Just when you thought you knew MobCraft Beer, it’s beginning its next chapter.
The 2-year-old Madison-based brewer of crowdsourced, usually weird beers announced in April that it’s moving to Milwaukee to open its own shop and taproom, just as it introduced the first of two new packages for its beer.
MobCraft’s Milwaukee brewery will be in the hopping Walker’s Point neighborhood just south of downtown, near Great Lakes Distillery, Milwaukee Brewing’s production brewery, Brenner Brewing and not far from the craft beer hotspots in Bay View. The MobCraft team scouted locations in Madison’s similarly happening neighborhoods but quickly found they were priced out, said MobCraft co-founder Henry Schwartz.
A brewery of its own was always part of the plan, but it’s become increasingly necessary in recent months as both MobCraft and Page Buchanan’s House of Brews, where MobCraft has brewed since its outset, have increased production. It’s convinced Schwartz, co-founder Giotto Troia and brewer Andrew Gierczak that it’s time to move on.
“We’ve decided that since Page is growing and we’re growing, we’re getting close to stepping on each other’s toes,” Schwartz said Saturday. “Between the two of us we’ll be doing 15 brew days in the next 2½ weeks.”
MobCraft can begin work on its new space on Aug. 1 and plans to open around the end of this year or early 2016. The brewery will be able to kick out 30-barrel batches with a maximum output of about 4,600 barrels a year. That’s a far cry from the 220 barrels MobCraft made last year and even the 1,200 barrels Schwartz said it’s on track for this year.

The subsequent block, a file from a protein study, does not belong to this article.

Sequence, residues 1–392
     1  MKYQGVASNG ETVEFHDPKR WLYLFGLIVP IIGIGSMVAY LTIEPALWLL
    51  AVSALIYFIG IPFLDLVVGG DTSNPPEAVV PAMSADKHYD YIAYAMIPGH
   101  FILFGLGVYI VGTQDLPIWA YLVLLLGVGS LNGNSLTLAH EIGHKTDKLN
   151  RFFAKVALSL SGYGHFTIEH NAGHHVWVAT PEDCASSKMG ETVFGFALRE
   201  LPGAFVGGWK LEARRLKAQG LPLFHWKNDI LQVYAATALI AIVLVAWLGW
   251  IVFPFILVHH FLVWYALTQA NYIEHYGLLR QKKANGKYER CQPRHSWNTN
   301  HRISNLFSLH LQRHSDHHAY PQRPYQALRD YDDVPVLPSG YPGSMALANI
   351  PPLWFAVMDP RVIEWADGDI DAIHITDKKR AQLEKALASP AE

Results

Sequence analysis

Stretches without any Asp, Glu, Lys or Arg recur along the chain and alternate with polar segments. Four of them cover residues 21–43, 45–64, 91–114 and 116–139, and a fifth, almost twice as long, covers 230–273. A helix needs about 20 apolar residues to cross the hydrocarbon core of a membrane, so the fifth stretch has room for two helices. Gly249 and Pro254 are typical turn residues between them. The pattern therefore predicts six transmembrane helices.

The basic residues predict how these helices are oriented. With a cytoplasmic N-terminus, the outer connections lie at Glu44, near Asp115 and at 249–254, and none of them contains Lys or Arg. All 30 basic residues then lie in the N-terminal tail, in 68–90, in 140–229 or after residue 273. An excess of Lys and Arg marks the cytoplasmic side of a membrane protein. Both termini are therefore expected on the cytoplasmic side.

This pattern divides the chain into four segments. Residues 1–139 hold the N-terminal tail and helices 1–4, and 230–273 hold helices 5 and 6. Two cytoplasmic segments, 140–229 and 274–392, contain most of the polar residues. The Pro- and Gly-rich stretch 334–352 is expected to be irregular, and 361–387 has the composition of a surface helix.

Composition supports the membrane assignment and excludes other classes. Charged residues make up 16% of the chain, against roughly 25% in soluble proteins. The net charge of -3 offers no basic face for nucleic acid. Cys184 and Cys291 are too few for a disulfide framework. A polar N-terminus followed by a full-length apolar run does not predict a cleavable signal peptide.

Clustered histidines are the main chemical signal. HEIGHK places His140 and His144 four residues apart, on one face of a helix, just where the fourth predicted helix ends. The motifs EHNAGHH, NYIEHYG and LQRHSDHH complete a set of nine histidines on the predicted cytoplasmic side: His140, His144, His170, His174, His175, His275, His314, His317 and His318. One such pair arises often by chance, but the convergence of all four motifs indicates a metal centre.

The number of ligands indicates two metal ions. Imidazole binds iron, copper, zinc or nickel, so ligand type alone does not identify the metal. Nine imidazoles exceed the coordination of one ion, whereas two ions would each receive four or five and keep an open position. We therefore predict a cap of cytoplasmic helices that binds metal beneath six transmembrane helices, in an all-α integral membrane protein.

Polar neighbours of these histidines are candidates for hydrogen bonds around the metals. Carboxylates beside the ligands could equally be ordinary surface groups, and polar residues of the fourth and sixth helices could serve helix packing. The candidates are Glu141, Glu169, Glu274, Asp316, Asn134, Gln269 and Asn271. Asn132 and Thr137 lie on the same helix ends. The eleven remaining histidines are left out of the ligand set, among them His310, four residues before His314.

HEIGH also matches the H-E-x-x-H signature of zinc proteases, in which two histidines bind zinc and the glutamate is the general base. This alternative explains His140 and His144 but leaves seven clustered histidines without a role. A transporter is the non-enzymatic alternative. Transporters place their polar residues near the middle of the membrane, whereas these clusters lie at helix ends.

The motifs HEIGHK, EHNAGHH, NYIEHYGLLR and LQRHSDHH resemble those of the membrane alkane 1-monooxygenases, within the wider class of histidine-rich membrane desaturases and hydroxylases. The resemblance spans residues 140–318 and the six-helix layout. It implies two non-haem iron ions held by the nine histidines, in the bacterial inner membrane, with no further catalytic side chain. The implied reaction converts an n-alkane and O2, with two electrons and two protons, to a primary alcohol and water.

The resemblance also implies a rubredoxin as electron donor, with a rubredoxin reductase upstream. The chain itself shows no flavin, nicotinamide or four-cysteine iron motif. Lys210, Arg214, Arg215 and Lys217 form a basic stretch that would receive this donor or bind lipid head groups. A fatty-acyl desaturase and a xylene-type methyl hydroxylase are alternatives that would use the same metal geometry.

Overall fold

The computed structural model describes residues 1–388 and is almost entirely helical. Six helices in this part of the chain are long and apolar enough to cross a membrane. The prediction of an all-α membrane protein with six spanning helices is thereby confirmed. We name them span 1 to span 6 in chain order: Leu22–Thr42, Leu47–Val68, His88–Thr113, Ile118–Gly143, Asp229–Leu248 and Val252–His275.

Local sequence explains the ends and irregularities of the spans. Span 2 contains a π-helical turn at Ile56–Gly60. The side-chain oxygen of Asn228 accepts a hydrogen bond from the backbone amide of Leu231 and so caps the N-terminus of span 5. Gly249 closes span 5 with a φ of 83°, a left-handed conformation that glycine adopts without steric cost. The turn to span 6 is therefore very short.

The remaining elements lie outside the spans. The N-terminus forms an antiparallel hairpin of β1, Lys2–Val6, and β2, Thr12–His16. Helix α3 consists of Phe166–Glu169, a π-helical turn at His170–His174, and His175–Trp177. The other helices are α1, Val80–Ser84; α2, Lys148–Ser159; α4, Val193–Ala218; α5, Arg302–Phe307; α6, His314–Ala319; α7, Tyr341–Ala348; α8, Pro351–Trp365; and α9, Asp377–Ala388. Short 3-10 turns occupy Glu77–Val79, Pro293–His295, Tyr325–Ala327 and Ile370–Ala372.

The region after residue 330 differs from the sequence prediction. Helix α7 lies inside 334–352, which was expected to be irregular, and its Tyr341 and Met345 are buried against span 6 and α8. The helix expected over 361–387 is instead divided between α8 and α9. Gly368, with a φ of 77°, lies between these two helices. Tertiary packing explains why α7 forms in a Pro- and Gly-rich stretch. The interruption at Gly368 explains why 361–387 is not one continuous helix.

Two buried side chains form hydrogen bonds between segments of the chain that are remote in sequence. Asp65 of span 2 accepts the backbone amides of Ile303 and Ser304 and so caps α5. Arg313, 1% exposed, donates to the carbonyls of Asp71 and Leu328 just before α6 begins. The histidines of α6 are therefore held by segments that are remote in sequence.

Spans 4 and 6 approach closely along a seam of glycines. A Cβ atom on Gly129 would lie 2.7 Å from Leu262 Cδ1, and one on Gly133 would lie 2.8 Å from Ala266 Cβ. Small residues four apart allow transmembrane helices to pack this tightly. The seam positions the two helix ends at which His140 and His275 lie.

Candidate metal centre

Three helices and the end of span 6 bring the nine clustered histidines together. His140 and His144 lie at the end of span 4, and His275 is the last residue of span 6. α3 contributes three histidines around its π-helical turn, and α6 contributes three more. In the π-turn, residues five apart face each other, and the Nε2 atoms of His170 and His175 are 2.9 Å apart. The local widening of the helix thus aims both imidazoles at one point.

The monthly online crowdsourcing contests — in which a vote for a beer recipe is an order for it — have steadily grown in participation, Schwartz said, and MobCraft can now ship orders to 42 states. But a key driver in MobCraft’s growth has been its presence in bottle shops and even grocery stores around Madison, Milwaukee and beyond. Where MobCraft bomber bottles were once an occasional curiosity, they’re now a constantly rotating presence, and many shops stock multiple MobCraft beers concurrently.
That growth this year has come as MobCraft has tapped new markets and some new higher-volume packaging options, including the first run using Midwest Mobile Canning to put two of the company’s beers into tallboy cans sold in four-packs. (House of Brews also took advantage of the stop by the mobile canning line to put out four-packs of the very nice Observatory Pale Ale.)
Those MobCraft cans are a preview of what’s to come from the new brewery, which will have a canning line. Beer in cans is purchased and consumed much faster than bombers, Schwartz noted, and MobCraft was caught somewhat off guard by how quickly the beer from the first canning run has sold. They’re now planning a second run in late June to keep the supply up through the summer.
The package is all right, but I’d suggest that the beers in that package might have something to do with it as well.
One of the de facto flagships is Bat(Expletive) Crazy, a coffee cream nut brown that was one of MobCraft’s earliest offerings and won the silver medal in the competitive coffee beer category at last fall’s Great American Beer Festival. The other is Hop Gose the Grapefruit, a mashup of an India pale ale and a gose, an old German sour wheat ale that’s distinctive for its use of coriander and salt. (The style is pronounced “GOZE-uh”, but Schwartz said Hop Gose sounds simply like “Hop Goes.”)
Despite Crazy’s name and Hop Gose’s obscure hybrid style, these are two of the most approachable styles in the MobCraft portfolio — which this winter added Don Durio’s Filthy Mustachio, a pilsner with cashews and durian, known as the world’s stinkiest fruit.